Tom Steyer: I'm Not Sure I'm Running for Senate, But Here's What I'll Say If I Do

The billionaire climate activist isn't committing to a bid for the California seat that Barbara Boxer is vacating.

Tom Steyer used a blog post Tuesday to announce he hasn't decided yet whether to jump into the race to succeed California Democrat Barbara Boxer.

But the billionaire former hedge-fund manager, in his Huffington Post piece, publicly laid out the themes of the potential campaign after days of private meetings and calls to weigh a bid.

"California Democrats are blessed to have a deep bench of talent, and I will decide soon based on what I think is the best way to continue the hard work we've already started together to prevent climate disaster and preserve American prosperity," he writes.

The post is heavy on the threat of climate change ("I've always said that climate change is the defining issue of our generation"). But it also spends lots of space seeking to show that Steyer's advocacy extends far beyond the climate activism that he's best known for.

Here's a blurb:

I am passionate about preserving the rights and opportunities of current and future Americans. That has meant fighting to stop global warming. It has meant working with my wife, Kat Taylor, to lend money in underserved communities through the nonprofit community development bank we started—Beneficial State Bank. It has meant working through our nonprofit, The Center for the Next Generation, to support efforts to make sure children 0-5 get the chance to have a fair start in life.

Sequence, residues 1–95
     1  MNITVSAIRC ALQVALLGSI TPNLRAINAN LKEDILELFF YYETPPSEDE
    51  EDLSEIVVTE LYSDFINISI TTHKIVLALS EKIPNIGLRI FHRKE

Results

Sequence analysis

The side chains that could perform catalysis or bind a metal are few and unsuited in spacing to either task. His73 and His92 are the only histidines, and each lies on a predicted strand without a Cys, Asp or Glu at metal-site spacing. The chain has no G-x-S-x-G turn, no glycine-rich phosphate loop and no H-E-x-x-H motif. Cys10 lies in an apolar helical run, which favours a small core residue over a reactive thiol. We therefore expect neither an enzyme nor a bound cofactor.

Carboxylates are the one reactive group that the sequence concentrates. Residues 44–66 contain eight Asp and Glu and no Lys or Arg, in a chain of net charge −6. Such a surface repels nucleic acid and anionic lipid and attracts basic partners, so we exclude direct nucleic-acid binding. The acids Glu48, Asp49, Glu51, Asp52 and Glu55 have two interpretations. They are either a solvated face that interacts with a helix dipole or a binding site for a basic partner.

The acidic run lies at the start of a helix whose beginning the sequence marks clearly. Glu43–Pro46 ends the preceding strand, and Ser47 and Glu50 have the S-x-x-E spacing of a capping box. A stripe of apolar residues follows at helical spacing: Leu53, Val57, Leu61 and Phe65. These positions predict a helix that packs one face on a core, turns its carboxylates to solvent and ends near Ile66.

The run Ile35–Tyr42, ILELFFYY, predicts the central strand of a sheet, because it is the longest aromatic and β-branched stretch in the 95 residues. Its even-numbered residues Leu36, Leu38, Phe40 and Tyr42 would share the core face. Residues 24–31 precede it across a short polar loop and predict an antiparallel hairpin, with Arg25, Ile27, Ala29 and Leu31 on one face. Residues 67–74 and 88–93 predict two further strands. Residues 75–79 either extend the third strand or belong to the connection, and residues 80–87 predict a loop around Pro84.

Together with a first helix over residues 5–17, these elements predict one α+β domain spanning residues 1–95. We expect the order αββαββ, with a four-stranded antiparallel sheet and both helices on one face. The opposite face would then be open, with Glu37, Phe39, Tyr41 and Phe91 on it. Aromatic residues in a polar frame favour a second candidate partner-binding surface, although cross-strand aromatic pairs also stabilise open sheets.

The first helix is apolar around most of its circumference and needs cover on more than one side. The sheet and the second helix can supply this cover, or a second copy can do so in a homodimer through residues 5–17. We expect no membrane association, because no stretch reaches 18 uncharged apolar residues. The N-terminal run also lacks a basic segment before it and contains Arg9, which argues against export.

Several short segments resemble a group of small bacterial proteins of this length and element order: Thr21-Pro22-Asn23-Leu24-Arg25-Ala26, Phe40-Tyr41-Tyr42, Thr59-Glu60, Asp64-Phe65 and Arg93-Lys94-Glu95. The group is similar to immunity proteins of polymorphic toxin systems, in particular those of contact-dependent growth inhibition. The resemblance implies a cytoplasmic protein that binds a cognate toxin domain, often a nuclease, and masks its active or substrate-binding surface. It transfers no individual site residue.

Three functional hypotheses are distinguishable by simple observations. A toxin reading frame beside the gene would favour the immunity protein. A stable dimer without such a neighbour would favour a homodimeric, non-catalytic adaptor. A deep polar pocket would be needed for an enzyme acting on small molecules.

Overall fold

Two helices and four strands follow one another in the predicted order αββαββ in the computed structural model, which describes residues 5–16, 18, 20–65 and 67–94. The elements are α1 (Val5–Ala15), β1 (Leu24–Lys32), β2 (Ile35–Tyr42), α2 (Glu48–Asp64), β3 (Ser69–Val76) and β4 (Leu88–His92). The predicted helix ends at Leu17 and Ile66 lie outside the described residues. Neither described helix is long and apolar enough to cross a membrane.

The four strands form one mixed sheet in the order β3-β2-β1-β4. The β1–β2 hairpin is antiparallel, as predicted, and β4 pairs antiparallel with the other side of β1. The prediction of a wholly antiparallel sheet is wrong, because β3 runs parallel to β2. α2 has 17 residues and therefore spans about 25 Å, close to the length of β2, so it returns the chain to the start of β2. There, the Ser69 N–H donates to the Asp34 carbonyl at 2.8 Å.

Steyer, as National Journal reported here, could have significant liabilities as a Senate hopeful, but advantages as well.

The billionaire Steyer's wealth will enable him to buy the media and field presence needed in a race where analysts say a winning campaign could cost $100 million.

But he also faces headwinds heading into a race likely to feature better known and more-experienced candidates. Kamala Harris, the state's Democratic attorney general, has already entered the race.

Other potential Democratic hopefuls include Los Angeles Mayor Antonio Villaraigosa and a handful of House members, including Loretta Sanchez and Jackie Speier.

Sanchez moved closer to launching a bid on Tuesday. She said on Facebook that for nearly two decades in Congress she has "focused on putting California's working families first" and cited her work on health care, immigration, and education.

"Californians deserve a strong voice in Washington, and I have never been afraid to speak up, which is why I am seriously considering running for the United States Senate in 2016," she said.

Steyer, a Bay area resident, has a stable of Democratic political operatives already working with his NextGen Climate group as he lays the groundwork for a potential campaign. They include Jim Margolis, who was a media strategist for President Obama's campaigns.

Steyer adviser Josie Mooney comes out of California's labor movement, while another senior adviser, Sky Gallegos, had top campaign roles in California for Bill Clinton and for John Kerry when he ran for president in 2004.